I AM sure that I echo the thoughts of many avid environmentalists when I say that it is so extremely unacceptable that firms are irresponsibly standing by while the beautiful Amazon goes up in flames so that more land can be used to sell cattle and soya for profit.

Amazon rainforests are literally the lungs of the planet. If they are turned into the world’s largest cattle ranch and soya farm, it will cause more irreversible damage to our already fragile planet.

The world’s biggest food brands have the power and influence to take a stand against the relentless greed of the Brazilian Government.

What in God’s merciful name are they waiting for?

In the heart-felt words of Raoni Metukire, chief of the Native Brazilian Kayapo people: “We all breathe this one air, we all drink the same water. We live on this one planet.

“We need to protect the Earth. If we don’t, the big winds will come and destroy the forest. Then you will feel the fear that we feel.”

In short, either we have the total courage of our convictions or everything that we know and care about will be lost.

Aled Jones, Bridlington

Cheers for cash

THIS year our World’s Biggest Coffee morning fundraiser entered its 29th year.

In community centres, schools and workplaces, thousands of coffee mornings were held across the north to raise money and help us support people affected by cancer.

I would like to offer a huge and heartfelt thanks to every single one of your readers who held or attended a coffee morning – your energy and generosity never ceases to amaze us.

Whether it’s specialist cancer nurses, GPs, therapists or advisers, we can only offer the support that people with cancer need thanks to the tireless fundraising efforts of our supporters.

Last year Macmillan helped over 35,770 people with cancer in the North. The number of people who need our help is growing, and we want to offer support to everyone who needs it.

Please rest assured that every cake, every brew, every penny raised will now go on to help us to achieve this ambition. And please remember, if you need information, support or a chat with Macmillan you can call us free on 0808 808 0000.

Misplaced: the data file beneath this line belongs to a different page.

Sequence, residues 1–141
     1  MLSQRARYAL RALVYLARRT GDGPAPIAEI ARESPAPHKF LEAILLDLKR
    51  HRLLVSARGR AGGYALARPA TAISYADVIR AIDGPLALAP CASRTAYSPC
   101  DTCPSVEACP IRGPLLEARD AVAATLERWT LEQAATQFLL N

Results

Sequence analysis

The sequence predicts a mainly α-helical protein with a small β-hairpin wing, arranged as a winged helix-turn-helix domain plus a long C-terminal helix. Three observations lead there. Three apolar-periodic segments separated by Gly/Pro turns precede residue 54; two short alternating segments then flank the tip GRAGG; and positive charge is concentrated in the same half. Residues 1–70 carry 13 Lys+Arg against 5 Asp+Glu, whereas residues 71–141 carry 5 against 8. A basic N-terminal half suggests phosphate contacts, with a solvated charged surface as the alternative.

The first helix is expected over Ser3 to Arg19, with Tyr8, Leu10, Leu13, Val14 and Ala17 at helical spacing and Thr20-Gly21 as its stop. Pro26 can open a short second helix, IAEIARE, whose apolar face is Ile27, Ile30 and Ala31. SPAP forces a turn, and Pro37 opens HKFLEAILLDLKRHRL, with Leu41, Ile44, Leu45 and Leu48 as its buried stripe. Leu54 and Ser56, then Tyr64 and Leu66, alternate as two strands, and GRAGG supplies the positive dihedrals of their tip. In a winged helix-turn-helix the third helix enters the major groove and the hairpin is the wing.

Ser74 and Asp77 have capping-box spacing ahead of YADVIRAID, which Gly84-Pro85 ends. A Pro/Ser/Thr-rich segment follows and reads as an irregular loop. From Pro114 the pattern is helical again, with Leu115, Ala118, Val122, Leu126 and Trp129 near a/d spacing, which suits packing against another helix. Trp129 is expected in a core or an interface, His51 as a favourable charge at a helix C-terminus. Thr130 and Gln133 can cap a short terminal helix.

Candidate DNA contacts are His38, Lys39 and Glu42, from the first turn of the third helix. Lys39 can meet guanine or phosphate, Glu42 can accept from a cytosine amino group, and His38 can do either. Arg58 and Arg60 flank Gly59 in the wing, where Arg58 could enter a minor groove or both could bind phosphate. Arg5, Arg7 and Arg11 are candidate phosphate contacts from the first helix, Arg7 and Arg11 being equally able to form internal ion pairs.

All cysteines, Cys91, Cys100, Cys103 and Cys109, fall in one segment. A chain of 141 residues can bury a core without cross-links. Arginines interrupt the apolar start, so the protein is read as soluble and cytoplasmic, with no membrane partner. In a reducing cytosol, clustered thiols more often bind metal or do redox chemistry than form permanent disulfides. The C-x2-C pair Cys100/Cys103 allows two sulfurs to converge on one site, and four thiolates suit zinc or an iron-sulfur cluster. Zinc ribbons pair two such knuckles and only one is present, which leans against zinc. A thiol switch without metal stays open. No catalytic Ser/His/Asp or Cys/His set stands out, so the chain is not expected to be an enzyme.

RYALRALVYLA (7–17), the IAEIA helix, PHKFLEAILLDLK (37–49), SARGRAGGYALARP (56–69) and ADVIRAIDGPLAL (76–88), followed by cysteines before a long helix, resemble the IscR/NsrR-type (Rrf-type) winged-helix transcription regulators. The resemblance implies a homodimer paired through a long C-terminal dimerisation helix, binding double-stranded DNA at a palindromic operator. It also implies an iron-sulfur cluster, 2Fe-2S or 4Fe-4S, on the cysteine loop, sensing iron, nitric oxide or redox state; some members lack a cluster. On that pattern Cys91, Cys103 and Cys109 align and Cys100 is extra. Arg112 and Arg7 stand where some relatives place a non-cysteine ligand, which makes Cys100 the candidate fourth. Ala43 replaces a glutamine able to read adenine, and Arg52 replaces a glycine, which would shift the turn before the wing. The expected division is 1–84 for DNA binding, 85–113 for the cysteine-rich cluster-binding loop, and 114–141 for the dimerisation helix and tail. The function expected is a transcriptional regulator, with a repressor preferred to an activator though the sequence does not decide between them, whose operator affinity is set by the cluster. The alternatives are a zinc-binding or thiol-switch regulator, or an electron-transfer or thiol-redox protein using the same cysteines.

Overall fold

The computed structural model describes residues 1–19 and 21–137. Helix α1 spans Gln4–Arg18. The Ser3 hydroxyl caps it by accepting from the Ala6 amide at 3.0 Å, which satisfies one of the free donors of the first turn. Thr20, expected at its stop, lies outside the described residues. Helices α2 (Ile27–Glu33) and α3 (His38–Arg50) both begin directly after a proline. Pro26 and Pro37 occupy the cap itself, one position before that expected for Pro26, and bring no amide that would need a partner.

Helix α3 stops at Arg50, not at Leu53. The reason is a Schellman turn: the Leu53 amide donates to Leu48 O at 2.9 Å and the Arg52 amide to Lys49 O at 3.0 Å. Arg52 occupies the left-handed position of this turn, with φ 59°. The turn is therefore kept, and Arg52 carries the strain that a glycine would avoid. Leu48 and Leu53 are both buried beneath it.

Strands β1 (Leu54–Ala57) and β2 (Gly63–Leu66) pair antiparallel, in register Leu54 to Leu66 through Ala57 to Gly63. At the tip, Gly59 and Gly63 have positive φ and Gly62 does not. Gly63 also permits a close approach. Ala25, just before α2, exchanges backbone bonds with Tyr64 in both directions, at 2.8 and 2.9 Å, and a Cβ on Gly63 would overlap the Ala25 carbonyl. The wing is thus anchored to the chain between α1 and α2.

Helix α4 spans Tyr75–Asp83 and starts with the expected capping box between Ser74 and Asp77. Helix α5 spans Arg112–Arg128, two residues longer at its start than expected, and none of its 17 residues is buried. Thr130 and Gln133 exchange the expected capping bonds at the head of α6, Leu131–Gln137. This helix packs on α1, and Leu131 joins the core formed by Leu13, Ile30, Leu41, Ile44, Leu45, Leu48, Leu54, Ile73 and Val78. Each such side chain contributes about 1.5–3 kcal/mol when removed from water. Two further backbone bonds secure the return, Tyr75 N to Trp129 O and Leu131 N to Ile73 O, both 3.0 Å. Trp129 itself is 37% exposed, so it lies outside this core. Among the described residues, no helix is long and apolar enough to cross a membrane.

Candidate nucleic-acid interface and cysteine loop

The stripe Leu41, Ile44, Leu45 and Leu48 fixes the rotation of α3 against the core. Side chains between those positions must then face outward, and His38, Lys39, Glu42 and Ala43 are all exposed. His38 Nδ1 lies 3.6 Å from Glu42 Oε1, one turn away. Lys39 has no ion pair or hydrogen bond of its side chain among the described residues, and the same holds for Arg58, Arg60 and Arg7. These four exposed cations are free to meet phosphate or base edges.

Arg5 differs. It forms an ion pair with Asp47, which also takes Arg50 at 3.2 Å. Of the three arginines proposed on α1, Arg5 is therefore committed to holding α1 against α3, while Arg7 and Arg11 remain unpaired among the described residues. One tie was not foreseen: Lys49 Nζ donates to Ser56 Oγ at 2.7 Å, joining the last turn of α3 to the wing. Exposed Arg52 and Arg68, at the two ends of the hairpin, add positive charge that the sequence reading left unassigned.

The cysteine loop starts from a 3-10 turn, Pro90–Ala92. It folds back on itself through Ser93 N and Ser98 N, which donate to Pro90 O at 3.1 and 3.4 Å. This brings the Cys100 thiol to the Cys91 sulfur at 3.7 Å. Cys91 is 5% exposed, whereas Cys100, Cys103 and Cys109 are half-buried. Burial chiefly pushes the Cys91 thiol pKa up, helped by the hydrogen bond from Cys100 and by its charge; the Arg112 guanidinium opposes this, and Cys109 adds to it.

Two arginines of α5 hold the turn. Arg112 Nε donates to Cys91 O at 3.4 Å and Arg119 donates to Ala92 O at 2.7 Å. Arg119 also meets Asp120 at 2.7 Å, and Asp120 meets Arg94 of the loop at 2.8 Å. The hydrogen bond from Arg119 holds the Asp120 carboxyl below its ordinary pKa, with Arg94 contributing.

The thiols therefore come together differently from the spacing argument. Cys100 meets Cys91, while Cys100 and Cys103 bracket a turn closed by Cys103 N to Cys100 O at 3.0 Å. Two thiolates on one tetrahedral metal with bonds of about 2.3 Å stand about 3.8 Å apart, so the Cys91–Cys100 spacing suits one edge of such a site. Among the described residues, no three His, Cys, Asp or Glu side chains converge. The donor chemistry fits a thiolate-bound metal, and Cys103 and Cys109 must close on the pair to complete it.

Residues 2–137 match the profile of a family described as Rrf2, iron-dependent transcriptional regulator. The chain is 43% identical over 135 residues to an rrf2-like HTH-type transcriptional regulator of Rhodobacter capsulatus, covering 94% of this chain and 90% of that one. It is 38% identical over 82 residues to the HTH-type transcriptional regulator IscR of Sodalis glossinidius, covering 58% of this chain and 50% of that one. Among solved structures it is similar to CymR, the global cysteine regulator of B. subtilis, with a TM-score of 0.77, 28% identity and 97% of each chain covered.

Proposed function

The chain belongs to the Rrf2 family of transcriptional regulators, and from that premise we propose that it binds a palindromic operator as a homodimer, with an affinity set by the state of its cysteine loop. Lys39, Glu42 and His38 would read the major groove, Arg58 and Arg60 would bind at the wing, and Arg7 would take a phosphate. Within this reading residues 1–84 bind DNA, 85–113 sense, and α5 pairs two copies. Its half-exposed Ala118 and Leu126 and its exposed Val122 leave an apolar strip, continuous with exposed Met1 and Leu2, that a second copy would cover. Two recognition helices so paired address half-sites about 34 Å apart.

If you’d like to support Macmillan and do something amazing today, you can also visit macmillan.org.uk/getinvolved

Thank you all so very much.

Paul McCavana, head of services for Macmillan Cancer Support in the North

Fight for fair start

LAST Thursday was World Mental Health Day. It is important to recognise that up to one in five mums and one in 10 dads will experience mental health problems during the perinatal period.

Mental health difficulties during this time can have a significant impact on day-to-day life, making it difficult for mums and dads to bond with their baby, potentially affecting the child’s overall development.

That is why the NSPCC is Fighting for a Fair Start for all families.

In England, all families are entitled to five home visits from qualified health professionals before and after the birth, to ensure both mum and baby are happy and healthy. These health visitors are uniquely well-placed to recognise signs and symptoms of mental health difficulties in both parents.

Even though England already lags behind Wales and Scotland in how many visits parents should receive, the decline in staff numbers and rising family caseloads means local services are struggling, and too many families are not receiving the support they need.

While Government is currently consulting on a new public health strategy and has committed to updating the Healthy Child Programme, families across the country need to see a bold vision for improvement, with the investment in recruitment and training needed to deliver it.

This needs to come soon, without it too many families will continue to struggle to access consistent, face-to-face support at the most crucial time of their lives.

For more information on Fight for a Fair Start, which has launched across the UK, visit nspcc.org.uk/fair-start and register your support.

Helen Westerman, interim head of safeguarding in communities